Lessons from Conversations with Legends of Math and Computer Science
Over the last week, I was able to attend the 5th Heidelberg Laureate Forum where laureates of the ACM Turing, the Fields Medal, and Abel Price awards had the chance to meet us, the next generation of young researchers (roughly 10% from 1700 who started the application process). But, needless to say, the value of this event was much higher for the selected young researchers than for the laureates.
The Forum is a yearly event that is structured like a conference, but where basically every talk is a keynote. The great thing about it is the emphasis on networking and interaction between the laureates and the young researchers, as one of whom I am incredibly thankful for the time the laureates invested and the seriousness and passion with which they engaged in conversations and discussions. None of the laureates had an obligation to do what they did there and it was really refreshing to see how down to earth they are even though they have these incredible achievements and already dedicated the greatest part of their lives to science and spreading knowledge. The talks are available online on the HLF youtube channel and I highly recommend at least skimming through them, and also to get some impressions at the HLF photo gallery.
So, during the course of the event, I found myself discussing Deep Learning with Jeff Dean (bottom line: eventually we will deep learn everything!), talking about conscious machines with Manuel Blum (who, for example, believes we can get machines to feel the agony of pain), having lunch with a Knight of the British Empire and the inventor of Quicksort, Sir Tony Hoare, and getting all kinds of advice from Fred Brooks, a pioneer in the design of computer architecture. And these were only a fraction of all the interesting talks and discussions I was able to participate in since the laureates pro-actively approached us during the whole week in one-on-one and group conversations. It was also a great chance to meet fellow researchers and make new connections all over the world.
From those conversations, I learned so many things and got so many impressions that I feel I must pass on the most remarkable ones. So, my top three takeaways with respect to general motivation and mindset for young researchers are:
- Stay foolish! Be a fool in a sense that you don’t let the mainstream and established boundaries be the limit to your research and imagination. Follow your instincts and challenge the state of the art even against resistance if you believe in your idea.
- Be different! Don’t do what’s hot. You can’t lead if you always follow in someone’s steps. Find your niche, be passionate about it and have a real impact when (maybe even years later) people start following you.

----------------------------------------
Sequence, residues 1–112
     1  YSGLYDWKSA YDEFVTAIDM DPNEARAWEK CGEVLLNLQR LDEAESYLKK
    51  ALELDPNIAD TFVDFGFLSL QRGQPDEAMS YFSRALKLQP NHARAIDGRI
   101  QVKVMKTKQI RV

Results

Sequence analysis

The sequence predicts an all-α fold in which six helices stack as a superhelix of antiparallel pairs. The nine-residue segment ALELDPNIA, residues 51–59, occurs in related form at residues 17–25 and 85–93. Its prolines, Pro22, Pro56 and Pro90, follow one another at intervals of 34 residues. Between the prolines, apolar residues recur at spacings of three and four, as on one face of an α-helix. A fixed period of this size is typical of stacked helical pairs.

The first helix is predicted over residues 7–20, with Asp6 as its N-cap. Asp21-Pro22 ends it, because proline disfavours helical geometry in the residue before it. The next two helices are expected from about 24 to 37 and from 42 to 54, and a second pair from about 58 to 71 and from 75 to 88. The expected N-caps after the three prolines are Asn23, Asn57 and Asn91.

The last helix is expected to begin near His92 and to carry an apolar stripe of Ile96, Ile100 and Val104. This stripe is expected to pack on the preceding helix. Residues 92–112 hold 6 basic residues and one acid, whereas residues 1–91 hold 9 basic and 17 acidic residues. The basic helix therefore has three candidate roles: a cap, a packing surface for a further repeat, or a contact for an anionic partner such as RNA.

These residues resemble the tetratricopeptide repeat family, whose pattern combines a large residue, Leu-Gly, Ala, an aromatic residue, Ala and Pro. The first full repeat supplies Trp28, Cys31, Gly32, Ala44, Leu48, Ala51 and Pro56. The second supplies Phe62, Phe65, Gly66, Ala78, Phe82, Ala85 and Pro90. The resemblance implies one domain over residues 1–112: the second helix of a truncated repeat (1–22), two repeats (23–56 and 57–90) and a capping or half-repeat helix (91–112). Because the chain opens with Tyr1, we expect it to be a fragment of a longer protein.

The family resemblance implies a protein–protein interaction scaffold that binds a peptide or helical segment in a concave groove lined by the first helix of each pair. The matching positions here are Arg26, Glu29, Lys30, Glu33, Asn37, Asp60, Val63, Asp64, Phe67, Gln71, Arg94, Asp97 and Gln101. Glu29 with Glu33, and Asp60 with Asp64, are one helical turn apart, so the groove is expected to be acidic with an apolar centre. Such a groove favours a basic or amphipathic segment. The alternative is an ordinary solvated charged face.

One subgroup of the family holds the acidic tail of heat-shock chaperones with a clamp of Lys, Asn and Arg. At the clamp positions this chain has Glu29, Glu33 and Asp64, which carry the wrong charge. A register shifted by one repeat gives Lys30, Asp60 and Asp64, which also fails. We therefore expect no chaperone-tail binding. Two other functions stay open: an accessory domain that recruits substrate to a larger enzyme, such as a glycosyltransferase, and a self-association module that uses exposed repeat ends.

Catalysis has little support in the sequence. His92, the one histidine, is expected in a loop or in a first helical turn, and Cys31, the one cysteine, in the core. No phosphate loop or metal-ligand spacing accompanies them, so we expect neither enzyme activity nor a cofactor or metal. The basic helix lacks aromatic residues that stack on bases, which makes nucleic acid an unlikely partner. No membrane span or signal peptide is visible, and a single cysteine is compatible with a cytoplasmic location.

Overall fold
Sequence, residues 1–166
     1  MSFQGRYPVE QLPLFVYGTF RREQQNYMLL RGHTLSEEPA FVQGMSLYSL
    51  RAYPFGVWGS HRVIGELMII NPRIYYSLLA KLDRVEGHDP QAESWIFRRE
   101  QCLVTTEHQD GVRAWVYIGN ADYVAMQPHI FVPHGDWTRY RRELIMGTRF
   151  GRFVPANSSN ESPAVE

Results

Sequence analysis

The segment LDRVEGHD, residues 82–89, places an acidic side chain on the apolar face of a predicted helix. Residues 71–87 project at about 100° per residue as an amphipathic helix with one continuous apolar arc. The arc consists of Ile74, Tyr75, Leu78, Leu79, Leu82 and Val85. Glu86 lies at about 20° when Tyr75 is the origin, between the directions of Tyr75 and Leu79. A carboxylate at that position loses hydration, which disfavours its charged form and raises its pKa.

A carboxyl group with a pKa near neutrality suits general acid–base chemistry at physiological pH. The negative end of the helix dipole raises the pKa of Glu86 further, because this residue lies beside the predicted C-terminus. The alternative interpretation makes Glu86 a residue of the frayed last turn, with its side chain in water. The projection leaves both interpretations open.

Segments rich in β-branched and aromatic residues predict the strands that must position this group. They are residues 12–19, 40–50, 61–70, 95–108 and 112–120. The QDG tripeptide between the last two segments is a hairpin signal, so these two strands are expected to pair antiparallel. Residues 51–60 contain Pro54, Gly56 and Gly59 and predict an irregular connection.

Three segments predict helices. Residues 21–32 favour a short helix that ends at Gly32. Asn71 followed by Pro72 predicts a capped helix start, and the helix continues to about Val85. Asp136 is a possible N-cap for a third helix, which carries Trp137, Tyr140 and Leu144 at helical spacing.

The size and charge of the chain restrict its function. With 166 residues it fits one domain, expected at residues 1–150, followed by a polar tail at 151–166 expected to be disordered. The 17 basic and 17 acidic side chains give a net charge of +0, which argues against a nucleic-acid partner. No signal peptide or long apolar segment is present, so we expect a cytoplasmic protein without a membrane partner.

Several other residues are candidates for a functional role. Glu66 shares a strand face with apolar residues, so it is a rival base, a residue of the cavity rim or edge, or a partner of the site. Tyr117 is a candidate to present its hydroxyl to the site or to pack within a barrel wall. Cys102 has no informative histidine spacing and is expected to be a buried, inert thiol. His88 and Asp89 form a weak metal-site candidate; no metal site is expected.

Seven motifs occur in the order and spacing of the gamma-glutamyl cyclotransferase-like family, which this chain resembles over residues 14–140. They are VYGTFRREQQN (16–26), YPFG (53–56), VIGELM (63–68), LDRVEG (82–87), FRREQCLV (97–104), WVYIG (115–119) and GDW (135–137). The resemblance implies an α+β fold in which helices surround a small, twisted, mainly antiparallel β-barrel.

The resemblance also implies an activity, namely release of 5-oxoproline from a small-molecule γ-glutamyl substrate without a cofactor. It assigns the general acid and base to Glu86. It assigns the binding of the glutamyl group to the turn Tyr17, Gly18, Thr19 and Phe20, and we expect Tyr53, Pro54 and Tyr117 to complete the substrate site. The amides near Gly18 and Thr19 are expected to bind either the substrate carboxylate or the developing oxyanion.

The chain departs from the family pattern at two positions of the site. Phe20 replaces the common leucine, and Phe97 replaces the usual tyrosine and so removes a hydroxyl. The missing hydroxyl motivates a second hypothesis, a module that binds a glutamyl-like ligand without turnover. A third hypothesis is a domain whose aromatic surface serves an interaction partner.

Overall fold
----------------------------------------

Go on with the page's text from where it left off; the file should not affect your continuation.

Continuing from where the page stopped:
- Be humble! All of these exceptional scholars I met have achieved so much in their lives, often having an impact on the whole of society, but they are still approachable, easy to talk to, open, and interested in so many things. If they can be humble, you can too!
Another question I was asking many laureates was how to persevere even when it gets difficult and how to keep up the drive to achieve meaningful research results:
- Try to solve a real-world problem! This will help you to not lose track of your goal and also functions as a great benchmark for your progress. But be careful when you do that, so you don’t forget about the general aspect which is always very important in research.
- Know your problem and your research area! Always be ready to give a short pitch of your research efforts. Really prepare different length presentations of your work so no one can take you by surprise. Know your publications to an extent that you can answer questions about it and discuss the decisions you made to get to your results.
- Find mentors and learn from them! In your career, you will always need to discuss your work to get an additional perspective and make meaningful progress. Find people that you trust and that are willing to talk to you about your work, that are critical and supporting at the same time. Don’t shy away from successful people, if you have an interesting topic they will always be curious.
The Heidelberg Laureate Forum seeks to inspire the next generation of scientists by introducing them to their heroes. It aims at providing motivation for young people to enroll in scientific university curricula to work against the decrease in the number of students that choose this kind of career. It is the result of a joint initiative of the Heidelberg Institute for Theoretical Studies and the Klaus Tschira Stiftung and has been held yearly since 2013. I can highly recommend applying for this event every year to anyone who is pursuing a Master, PhD, or Post-Doc program in Math or Computer Science.
The organizers of the forum, the Heidelberg Laureate Forum Foundation, have done an incredible job and made every day an unforgettable experience. I want to conclude by thanking everyone involved and send special thanks to the laureates for sharing their experiences and for their world-changing achievements.